Eeek Lots of red!
Eeek Lots of red!

I went over my student loan payments, which I consider to be a good thing because I’ve paid off more debt. During the month of March I paid off a $368 grad school loan that was just annoying me plus my normal monthly payments.

Let’s see. I had a lot of extra predicted spending in March, like my dog’s $200 vet bill for her annual exam. I picked up a couple of new shirts at Old Navy on my birthday. They were on sale! Yay! Plus, I had some small business fees as well.

March expenses by categories
March expenses by categories

I think the highlight of my March personal finances was rolling over my old 401k account to a new Roth IRA account with Vanguard and making some $$! I’ve finally been making money with my 403b account with Nationwide as well. I love watching my retirement accounts make money! Let’s hope that pattern continues for the next 40+ years. 🙂

Total Debt as of 4/3/14: $50,121.13 (thank you car loan!) <- includes this month’s credit card bill as well (I pay everything using my CC to earn airline miles)

Total Student Loan Debt as of 4/1/14: $32,842.63 (Goal: Bring total loan debt under $30,000 by end of 2014)

Emergency Fund as of 4/3/14: $850.68 (Goal: $1500 by end of 2014)

Total Savings + Investments as of 4/3/14: $12,866.13

Net Worth as of 4/3/14: $21,255.00 (does not include the value of my new car)

The Time My Car Died and I Had to Buy a New One…

I’ve mentioned several times in my previous blog posts that my big purchase this year was going to be a new car. I purchased a 2000 Hyundai Elantra during the summer of 2006. I worked two jobs the entire summer (without a semblance of a life) to pay for the car. I think I paid about $5000 for the car.

As you can imagine, the older a car gets, the more repairs and money you have to put into them. The past three years have yielded expensive repairs, i.e. a new timing belt, a new clutch, a new alternator, etc. In January I put $400 into my car to get her to past inspection and to hopefully last till December, which was my target purchase date.

Saying goodbye... and taking my plates off
Saying goodbye… and taking my plates off

Well, my poor little car couldn’t make it till December. Last Monday night she died on my way home from work. I was within 3 miles from my house when I stopped at a stop sign before making a righthand turn towards home. My poor little car decided that the stop sign would be her final resting stop. She actually wouldn’t start the friday night before in our driveway, but succeed to start the next morning. I knew something was up, but I was hoping that it was just a fluke.

I called AAA for a tow truck and a nice man pushed my car around the corner so I wasn’t blocking the intersection. Talk about embarrassing! Our trusted family mechanic looked at my car and thought it was the fuel pump. It could have been fixed for about $250, but at this point in my car’s life, I feel like I’m throwing dollar bills down the drain. I decided my money is best spent on purchasing a new car.

I did a lot of research online. I was between the Hyundai Elantra, Ford Focus, Toyota Corolla, and VW Jetta. My budget was about $15,000 (and I was secretly hoping that I could purchase a car plus pay all the tax and fees with the $15,000). I was leaning towards a new car because I couldn’t find too many low mileage used cars. Most used cards I found were priced about the same as a new car.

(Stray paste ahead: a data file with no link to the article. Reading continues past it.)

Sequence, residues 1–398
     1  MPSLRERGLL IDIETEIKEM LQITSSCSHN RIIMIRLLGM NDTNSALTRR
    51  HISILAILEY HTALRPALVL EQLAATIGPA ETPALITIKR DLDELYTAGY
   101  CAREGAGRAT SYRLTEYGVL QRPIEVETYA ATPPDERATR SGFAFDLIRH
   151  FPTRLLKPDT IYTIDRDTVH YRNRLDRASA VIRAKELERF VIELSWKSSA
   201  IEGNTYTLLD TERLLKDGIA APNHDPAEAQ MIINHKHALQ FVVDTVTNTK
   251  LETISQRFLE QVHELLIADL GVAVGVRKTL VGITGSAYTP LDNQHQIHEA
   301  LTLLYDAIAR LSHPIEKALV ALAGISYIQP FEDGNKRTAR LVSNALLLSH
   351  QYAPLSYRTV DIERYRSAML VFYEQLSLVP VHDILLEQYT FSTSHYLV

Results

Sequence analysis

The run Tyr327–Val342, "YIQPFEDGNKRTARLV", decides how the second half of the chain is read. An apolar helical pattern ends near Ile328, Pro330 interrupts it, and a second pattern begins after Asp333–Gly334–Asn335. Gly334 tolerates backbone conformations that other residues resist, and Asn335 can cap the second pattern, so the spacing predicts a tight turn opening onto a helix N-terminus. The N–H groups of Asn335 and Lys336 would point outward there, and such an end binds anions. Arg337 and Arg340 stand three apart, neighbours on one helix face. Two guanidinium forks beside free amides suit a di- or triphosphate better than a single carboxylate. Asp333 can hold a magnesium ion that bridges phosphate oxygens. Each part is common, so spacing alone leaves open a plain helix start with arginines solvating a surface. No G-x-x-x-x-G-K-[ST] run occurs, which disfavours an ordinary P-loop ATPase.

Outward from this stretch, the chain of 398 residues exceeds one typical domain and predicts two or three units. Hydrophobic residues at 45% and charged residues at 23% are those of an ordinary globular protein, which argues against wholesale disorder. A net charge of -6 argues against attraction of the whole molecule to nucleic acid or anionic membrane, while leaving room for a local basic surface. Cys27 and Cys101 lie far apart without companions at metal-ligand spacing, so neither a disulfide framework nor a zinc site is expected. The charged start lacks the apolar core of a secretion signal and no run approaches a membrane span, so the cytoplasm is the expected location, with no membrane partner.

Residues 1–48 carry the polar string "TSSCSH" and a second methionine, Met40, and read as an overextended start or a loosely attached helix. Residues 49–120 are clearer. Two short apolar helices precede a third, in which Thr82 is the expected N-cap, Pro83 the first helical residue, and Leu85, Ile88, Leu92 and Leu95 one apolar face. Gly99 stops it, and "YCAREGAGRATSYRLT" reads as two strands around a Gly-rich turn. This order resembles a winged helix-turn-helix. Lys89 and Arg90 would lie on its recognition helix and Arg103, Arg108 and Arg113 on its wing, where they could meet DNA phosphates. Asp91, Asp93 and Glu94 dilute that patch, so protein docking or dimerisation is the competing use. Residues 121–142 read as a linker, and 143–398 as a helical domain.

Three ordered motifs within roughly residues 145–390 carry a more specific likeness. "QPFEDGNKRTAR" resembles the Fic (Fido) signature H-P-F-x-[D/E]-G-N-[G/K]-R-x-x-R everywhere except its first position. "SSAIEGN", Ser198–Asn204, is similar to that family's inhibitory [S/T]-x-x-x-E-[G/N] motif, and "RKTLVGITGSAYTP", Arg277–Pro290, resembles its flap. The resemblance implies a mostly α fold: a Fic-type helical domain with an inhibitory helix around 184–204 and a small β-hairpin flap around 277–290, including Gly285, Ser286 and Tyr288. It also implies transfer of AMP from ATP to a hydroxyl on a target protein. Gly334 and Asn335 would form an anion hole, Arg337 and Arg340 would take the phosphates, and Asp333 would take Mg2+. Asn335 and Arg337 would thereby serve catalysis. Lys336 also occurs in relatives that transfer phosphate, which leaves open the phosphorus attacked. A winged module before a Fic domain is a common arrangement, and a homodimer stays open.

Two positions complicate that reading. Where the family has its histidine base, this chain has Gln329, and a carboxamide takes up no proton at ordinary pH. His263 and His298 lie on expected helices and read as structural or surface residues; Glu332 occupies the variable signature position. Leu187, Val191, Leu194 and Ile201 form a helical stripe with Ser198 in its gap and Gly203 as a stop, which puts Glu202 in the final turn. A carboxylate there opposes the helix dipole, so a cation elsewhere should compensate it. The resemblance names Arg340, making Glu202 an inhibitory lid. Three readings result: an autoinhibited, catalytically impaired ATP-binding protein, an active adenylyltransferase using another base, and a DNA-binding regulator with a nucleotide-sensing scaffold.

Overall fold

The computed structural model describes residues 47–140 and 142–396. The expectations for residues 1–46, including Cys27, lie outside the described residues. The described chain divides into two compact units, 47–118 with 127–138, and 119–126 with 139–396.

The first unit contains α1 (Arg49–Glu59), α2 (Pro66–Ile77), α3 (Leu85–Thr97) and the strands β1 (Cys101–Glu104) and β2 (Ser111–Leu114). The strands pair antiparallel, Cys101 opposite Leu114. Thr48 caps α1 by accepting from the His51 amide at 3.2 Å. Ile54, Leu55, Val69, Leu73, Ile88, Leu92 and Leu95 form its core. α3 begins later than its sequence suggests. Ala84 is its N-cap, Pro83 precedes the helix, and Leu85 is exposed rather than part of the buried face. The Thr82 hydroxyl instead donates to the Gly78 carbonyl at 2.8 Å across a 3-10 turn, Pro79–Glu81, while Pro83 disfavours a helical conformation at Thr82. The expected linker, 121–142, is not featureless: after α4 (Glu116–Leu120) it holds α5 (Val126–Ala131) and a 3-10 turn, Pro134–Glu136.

I checked one of the local car dealer’s website on Thursday morning and found a web special for a left-over 2013 Hyundai Elantra. It was a standard hatchback model. I was hoping to purchase another standard because they tend to be a bit cheaper and not many people want a standard and thus I could probably get a better deal than an automatic. I test drove the car Thursday night. I drove home picked up my Father and had him test drive it as well. We drove back to the dealer and talked pricing with the sales lady. I wasn’t pleased with the presented price and left giving them my bottom line. She said she had to talk to her manager and would call me in the morning.

I got a call at 9am on Friday when the dealership was open. She was willing to bring the price down to my budget. I told her I wanted the offer in writing and would call her back later once she faxed the offer to me. I called my Father to discuss the offer and he suggested that I fill out the car loan application at the credit union and get an insurance quote. I did both and then accepted the offer.

This morning I went back to the dealer with my loan check and my down payment check. The whole process of buying a car is stressful. I’ve been sick with a cold all week and adding on the job of buying a new car has left me feeling still like crap. But, I learned a few lessons about buying a car and hopefully I won’t be using them anytime soon! The dealership tried to quote the price of the car to me in monthly payments. Sure, I could afford their offer, but I wanted to know the true cost of the car! Watch out for this. If you extend a car loan to 72 months then of course your monthly payments will be smaller!

Also, make sure you get everything in writing. I would also suggest getting insurance quotes before purchase as well. You don’t want any expensive surprises later on when you realize that the fancy car you just purchased is going to cost a lot more than the more reliable and plain car.

I lucked out and got a good price on my new car. I probably could have negotiated another $500 off the price, but I just wanted the process to be over. I had a few things working in my favor as well. The car was a 2013 leftover. It was standard. It was the end of March, which means the end of a month, the end of a quarter, and then end of the fiscal year for most car manufacturers and dealers! I couldn’t quite get them to agree to everything including tax and fees under $15,000, but I’m happy with my total price.

The final goodbye (and time to buy a new Ironman sticker)
The final goodbye (and time to buy a new Ironman sticker)

My mechanic has offered to fix and sell my old for me with a cut of the sale. Totally fine by me! I’ll be lucky to get a couple hundred bucks, but it’s better than nothing! I was a bit sad to say my final goodbye to my old friend. We had a good almost 8 years and 100,000+ miles. I think I got my moneys worth from that car. Now, onto better and more adult-like things, like a monthly car payment….